Historic Old Phuket Town with its colourful Sino-Portuguese buildings.

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Beyond the silky white beaches, blue waters and lively nightlife for which Thailand’s Phuket is known, is the historic Old Phuket Town, an area that features rows of colourful Sino-Portuguese buildings, ornate and beautifully preserved ‘shophouses’, quaint cafés and restaurants, impromptu museums, Buddhist and Chinese temples.

The History of Phuket

Phuket has a rich history of tin-mining which saw Siamese, Chinese, Malays, Indians, Eurasians, and sea gipsies participating in the trade of the precious metal. From this a unique community was known as the ‘Baba’ with their own way of life, language, dress and cuisine grew. The core of this community was formed by early unions between Hokkien tin-miners and Siamese women. This distinctive Baba heritage can be seen in Old Phuket Town.

By the 18th century, much of the island’s tin mining was carried out by Hokkien Chinese who were instrumental in building the old part of the city. In the early-20th century, major European mining companies were invited in and public infrastructure such as roads, canals and a particular building style developed from this. Two styles, in particular, stand out: the shop-house in Sino-Portuguese style, and the big mansion in Sino-Colonial style once occupied by Phuket’s tin barons of 100 years’ ago.

Phuket Old Town Highlights

Phuket Old Town is compact enough to tour on foot with the main streets Thalang, Phang Nga, Krabi, Dibuk and Yoawarat.

Phuket Walking Street, also-known-as Lardyai, which means ‘big market’ in southern Thai dialect, is a weekly Sunday evening market hosted on the beautifully renovated Thalang Road, right in the middle of the historical Sino-Portuguese district of Phuket Town. Thalang is a 350m-long commercial and cosmopolitan street which hosts a mix of Baba, Thai Muslim and Indian shops. The Phuket Walking Street market allows visitors to discover some typical southern Thai culinary specialities as well as local handicraft and gift stalls.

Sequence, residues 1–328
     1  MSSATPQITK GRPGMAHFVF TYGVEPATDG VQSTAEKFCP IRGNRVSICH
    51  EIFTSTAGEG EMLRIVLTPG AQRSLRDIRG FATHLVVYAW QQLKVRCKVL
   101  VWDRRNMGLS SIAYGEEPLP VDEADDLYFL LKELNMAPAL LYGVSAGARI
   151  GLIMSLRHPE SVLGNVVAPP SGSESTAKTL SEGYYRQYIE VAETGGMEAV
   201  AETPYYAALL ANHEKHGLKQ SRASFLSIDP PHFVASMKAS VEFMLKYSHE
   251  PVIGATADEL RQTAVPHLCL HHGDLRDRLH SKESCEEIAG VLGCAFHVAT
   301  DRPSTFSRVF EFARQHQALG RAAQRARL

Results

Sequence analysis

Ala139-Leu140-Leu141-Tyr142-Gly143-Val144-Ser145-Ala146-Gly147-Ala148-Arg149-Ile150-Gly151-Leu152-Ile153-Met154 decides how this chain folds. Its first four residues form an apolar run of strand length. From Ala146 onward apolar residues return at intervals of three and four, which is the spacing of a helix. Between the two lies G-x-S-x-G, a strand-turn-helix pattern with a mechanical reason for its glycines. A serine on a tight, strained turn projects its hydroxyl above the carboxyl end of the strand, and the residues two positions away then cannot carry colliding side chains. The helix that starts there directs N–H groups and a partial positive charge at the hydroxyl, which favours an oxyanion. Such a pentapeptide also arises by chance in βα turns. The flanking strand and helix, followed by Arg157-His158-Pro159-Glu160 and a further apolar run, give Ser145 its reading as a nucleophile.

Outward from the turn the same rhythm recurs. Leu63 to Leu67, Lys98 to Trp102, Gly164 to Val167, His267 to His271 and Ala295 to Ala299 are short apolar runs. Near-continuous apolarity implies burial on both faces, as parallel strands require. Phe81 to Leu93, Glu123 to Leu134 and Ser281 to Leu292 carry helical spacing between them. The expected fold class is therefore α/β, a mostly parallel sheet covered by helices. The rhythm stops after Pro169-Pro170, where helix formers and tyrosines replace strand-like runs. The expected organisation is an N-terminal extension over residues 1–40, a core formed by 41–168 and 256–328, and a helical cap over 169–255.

Phuket Old Town has always been a commercial hub, and nowadays, Thalang Road still hosts many shops selling fabrics, tools, clothes and traditional medicines. The oldest drugstore in Phuket is located here between coffee shops, restaurants and bars. Thalang Road was one of the first Phuket Old Town streets along which electric cables were buried in 2012, in an effort to revive its vintage splendour.

The Amulet Market in Phuket Old Town is found in a tiny alley off Rassada Road. Each of the long row of stalls displays hundreds of amulets and Buddha images. In Thailand, amulets were first made in temples and handed out to followers of the Buddha’s teachings to provide them with a constant reminder of the Buddha’s values, or to commemorate highly respected monks after their death. These days, amulets blessed by well-regarded Buddhist monks still hold value and Thais of all ages and in all levels of society believe that wearing a Buddha amulet around the neck can protect them from harm and, in some cases, will bring them good fortune.

The road directly to the north of Thalang Road is Dibuk Road. ‘Dibuk’ is Thai for ‘tin’. This road features textile and arts shops and a French restaurant called the Dibuk. Further south lies Phang Nga Road where you will find an old accommodation Phuket establishment, The Memory at On On Hotel.